Making the Best of Brexit for the EU-27 Financial System

André Sapir (Bruegel), Dirk Schoenmaker (Bruegel and Erasmus University Rotterdam) and Nicolas Véron (PIIE)

Policy Brief
17-8
February 2017
Photo Credit: 
REUTERS/Kevin Coombs

As a consequence of Britain’s exit from the European Union, UK-based financial firms are expected to lose their regulatory passport to do direct business with their clients in the EU-27. Brexit will lead to a partial migration of financial services activities from London to locations in the EU-27 to continue serving their customers there. Other London-based activities might also be relocated to non-European jurisdictions, primarily the United States. This Policy Brief focuses on the implications of Brexit for the EU-27 financial system. The authors estimate that about €1.8 trillion (or 17 percent) of all UK banking assets might be on the move as a direct consequence of Brexit. Market fragmentation—if the EU-27 receives the UK business as 27 separate jurisdictions as opposed to one single financial space—would increase borrowing costs for corporations and households, compared with an integrated market for the EU-27. Different countries and cities will naturally compete for business moving out of London. EU-27 leaders need to set clear objectives for reshaping the post-Brexit financial system. The authors recommend enhancing the role of the European Securities and Markets Authority, strengthening the banking union, and improving oversight of the EU-27’s financial system infrastructure.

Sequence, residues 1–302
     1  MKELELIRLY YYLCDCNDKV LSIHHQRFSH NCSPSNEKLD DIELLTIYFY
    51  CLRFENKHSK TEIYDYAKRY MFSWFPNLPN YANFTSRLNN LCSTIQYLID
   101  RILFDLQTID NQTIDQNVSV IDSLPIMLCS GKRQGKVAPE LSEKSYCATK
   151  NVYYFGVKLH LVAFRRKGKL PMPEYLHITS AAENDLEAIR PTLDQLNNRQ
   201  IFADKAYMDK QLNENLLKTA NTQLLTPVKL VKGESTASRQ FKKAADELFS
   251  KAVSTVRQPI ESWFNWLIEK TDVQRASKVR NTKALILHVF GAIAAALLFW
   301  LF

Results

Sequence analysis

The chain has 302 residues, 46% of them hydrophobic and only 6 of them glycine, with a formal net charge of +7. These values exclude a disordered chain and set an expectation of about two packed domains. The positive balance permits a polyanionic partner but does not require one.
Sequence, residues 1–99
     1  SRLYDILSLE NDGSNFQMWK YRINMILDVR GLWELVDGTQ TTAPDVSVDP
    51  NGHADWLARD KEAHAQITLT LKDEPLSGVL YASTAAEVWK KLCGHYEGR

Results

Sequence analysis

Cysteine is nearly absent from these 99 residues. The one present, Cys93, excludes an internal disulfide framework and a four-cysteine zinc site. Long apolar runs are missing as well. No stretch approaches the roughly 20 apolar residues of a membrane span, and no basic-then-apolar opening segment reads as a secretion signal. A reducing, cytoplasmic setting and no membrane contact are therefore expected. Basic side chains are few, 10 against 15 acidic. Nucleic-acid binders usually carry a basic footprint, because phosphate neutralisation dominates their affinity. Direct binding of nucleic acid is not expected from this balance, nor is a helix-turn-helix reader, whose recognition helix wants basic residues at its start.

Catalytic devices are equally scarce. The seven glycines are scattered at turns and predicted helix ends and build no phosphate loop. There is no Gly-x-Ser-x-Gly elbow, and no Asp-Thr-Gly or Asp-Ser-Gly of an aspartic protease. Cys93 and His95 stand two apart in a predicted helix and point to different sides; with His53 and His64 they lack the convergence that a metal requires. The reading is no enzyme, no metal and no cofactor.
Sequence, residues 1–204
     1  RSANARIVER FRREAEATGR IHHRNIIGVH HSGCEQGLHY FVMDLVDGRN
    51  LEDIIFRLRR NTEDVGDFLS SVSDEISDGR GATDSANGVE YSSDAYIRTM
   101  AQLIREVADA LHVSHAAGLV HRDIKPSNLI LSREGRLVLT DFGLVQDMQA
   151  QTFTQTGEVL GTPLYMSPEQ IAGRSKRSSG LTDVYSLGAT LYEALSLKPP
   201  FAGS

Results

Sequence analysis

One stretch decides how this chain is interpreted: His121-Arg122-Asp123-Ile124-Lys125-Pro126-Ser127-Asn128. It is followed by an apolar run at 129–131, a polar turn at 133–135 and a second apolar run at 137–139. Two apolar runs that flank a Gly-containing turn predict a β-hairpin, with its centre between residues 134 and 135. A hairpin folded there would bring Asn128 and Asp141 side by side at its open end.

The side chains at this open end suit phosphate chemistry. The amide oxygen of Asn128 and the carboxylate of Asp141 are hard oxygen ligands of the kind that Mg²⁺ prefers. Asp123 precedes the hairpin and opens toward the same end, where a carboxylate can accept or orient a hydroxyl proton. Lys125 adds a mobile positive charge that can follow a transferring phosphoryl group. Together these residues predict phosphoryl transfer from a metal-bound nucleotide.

Data Disclosure: 

The data underlying this analysis are available here.